Re: This story makes no sense...
"I'm not sure I like the way this thread is going"
Yeah, it's sew seamy. There's something about it I can't pin down.
OK, I'll zip it now... didn't mean to needle anybody.
110 posts • joined 12 Aug 2014
As a lad in the early 80s, we had a microwave with that exact way of notifying you when it was done. My teenage ears were much more sensitive than they are today, and I did a bit of disassembly and snipping to quiet the monster.
I now have a microwave with a similar feature, but my hearing has got to the point where the shrill BEEPs don't bother me as much. But I've no idea why a less piercing tone, somewhere around middle C, could not be used... surely, someone has done a careful study to determine the optimal alert tone frequency, and I have every confidence it is a few octaves below both the '80s microwave and my current microwave.
This point also has come up in discussion of US Sen. Elizabeth Warren's claims to have a Native American ancestor five generations back (i.e., 1/32 of her ancestry). She (foolishly, in my opinion) allowed Twatter taunts from the Orange Lord to persuade her to get and release a genetic test, which showed something more along the lines of it being 1/1024 of her ancestry. At the time, it was mentioned that even a properly "advanced" genetic test might miss a five-generations ancestor, for basically the reasons you suggest : you might get a good bit of DNA from that person, or nothing noticeable.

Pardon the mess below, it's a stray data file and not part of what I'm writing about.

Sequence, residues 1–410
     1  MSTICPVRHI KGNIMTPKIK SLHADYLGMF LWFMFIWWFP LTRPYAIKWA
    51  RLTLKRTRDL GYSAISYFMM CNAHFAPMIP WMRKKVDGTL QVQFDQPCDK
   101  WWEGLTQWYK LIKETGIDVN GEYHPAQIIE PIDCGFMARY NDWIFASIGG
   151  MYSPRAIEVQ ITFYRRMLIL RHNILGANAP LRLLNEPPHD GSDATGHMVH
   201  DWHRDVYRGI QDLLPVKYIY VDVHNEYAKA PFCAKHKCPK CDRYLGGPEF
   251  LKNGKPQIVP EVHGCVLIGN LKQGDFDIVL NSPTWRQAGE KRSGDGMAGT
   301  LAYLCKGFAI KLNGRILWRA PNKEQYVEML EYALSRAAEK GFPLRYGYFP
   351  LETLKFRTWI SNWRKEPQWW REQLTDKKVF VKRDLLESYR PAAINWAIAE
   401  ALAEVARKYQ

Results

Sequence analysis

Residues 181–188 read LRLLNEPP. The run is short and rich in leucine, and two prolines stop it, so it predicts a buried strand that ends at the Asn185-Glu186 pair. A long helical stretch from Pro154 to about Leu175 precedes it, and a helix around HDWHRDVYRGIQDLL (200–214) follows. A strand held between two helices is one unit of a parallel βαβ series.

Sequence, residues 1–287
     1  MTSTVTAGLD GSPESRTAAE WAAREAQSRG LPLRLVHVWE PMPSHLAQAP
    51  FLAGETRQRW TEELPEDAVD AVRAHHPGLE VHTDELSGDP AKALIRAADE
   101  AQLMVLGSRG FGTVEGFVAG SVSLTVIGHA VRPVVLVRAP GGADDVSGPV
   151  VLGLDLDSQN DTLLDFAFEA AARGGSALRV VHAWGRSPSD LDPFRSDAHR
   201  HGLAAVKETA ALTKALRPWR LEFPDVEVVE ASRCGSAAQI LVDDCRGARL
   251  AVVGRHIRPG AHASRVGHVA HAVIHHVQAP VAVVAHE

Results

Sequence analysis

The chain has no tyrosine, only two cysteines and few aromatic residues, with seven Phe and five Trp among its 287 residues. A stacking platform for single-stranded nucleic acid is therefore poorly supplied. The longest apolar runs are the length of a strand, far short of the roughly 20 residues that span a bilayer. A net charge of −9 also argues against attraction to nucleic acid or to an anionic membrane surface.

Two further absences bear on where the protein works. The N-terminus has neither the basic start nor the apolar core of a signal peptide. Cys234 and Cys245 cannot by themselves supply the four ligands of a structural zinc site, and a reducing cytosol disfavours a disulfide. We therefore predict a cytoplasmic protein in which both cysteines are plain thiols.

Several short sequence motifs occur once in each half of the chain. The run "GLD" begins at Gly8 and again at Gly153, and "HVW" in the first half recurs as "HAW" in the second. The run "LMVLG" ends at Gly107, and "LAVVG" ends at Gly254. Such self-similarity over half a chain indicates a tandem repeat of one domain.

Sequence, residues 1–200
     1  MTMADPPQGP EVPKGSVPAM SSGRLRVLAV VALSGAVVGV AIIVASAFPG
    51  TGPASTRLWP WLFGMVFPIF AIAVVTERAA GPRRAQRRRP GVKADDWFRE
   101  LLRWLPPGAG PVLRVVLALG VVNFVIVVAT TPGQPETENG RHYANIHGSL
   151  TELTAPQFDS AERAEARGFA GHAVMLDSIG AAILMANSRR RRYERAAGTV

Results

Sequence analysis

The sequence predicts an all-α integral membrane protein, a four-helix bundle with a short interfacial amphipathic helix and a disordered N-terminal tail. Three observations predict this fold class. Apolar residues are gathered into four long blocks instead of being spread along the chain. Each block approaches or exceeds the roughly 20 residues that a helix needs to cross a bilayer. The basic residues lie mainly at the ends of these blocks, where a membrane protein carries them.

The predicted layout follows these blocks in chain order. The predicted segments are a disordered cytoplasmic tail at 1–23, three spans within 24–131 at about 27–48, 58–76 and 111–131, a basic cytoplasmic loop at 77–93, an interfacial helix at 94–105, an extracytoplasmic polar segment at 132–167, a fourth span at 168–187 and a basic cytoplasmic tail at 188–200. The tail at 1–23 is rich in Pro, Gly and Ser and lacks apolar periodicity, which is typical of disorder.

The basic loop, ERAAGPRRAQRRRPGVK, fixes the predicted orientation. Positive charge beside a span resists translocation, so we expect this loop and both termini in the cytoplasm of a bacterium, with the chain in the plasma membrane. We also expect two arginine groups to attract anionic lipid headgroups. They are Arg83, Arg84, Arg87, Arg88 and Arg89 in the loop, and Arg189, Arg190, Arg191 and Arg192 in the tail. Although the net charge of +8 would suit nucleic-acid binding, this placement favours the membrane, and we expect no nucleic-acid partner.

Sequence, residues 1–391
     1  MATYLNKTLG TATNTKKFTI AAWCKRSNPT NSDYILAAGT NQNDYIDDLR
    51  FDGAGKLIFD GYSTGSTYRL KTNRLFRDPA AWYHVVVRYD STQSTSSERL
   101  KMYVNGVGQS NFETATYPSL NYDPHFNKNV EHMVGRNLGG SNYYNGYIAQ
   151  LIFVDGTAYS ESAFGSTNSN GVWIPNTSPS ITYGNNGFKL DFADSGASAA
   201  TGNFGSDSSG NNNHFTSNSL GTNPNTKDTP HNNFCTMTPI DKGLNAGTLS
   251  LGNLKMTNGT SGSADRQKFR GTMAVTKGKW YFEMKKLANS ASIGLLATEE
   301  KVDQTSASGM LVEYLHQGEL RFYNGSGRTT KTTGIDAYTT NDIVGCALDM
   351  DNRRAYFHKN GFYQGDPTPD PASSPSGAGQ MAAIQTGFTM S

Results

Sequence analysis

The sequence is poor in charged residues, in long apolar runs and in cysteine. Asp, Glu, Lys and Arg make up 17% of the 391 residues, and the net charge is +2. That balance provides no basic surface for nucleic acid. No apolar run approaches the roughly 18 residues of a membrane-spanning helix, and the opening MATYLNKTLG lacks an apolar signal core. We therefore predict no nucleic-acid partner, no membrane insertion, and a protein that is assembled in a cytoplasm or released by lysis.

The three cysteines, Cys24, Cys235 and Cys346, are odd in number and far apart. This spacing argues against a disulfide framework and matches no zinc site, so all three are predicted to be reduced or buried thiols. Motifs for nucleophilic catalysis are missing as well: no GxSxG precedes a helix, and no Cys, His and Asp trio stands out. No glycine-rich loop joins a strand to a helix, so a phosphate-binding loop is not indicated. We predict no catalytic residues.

I wondered about this. It suggests Facebook would be (much) more profitable if it charged its users rather than selling their information.
Of course, what they would actually do is to charge users _and_ sell their information. (They have a fiduciary obligation to their shareholders, after all.)
I get the probability of having three identical numbers on six rolls as (5*4)*19^3/20^5 = 4.3%. Not all that surprising.
In any case, they did use the same die, so any weighting would have affected them identically.
Proper analysis of die bias would be interesting here... best method I can think of would be to float it to see which side comes up, but failing that, what occurs to me is to compute a unit vector for each of the twenty sides pointing out from the center to that face; then throw the die a bazillion times (long or short-scale bazillion, your choice) and add the vectors to see if they cancel. If it's biased, you should get a vector pointing toward the face that it's biased for.
Maybe I've just had cheap D20s and D12s, but I've not seen one that looks like a "casino" die (transparent so that inner weights are harder to hide, and any spots/numbers filled in with material of density similar to the rest of the die.) I'm sure somebody makes more verifiably unbiased D&D dice, though.
Serious answer : you can orbit just about anything.
The Earth has a density of about 5.5 gm/cm^3, and a low orbit around it takes about a hundred minutes. Same is true for _any_ object of that density. Bennu is about 12000 times smaller than Earth, but if it had the same density, you'd just orbit at about 1/12000 the speed (orbital speed would be about 60 cm/s) and still complete about one orbit every hundred minutes.
Your average asteroid has a somewhat lower density than that, though, more like 3 gm/cm^3. Orbital period runs as the inverse square root of density, so the orbital period would be only slightly longer than 100 minutes and speed only slightly less than 60 cm/s.
Also note that this is for an orbit really near the surface, which is easier for a roundish object such as the earth (disregarding equatorial bulge and atmosphere) than it would be for a small, irregular rock such as Bennu. If you need a speed of 60 cm/s near the surface (250 m from the object's center), then an orbit that is, say, a hundred times further out (25 km) would require a tenth that speed, or 6 cm/s. You'd have to do some very gentle maneuvering; exceed orbital speed by about 40% at any point, and you reach escape speed. But I suspect our friends at NASA are, in fact, being careful about that.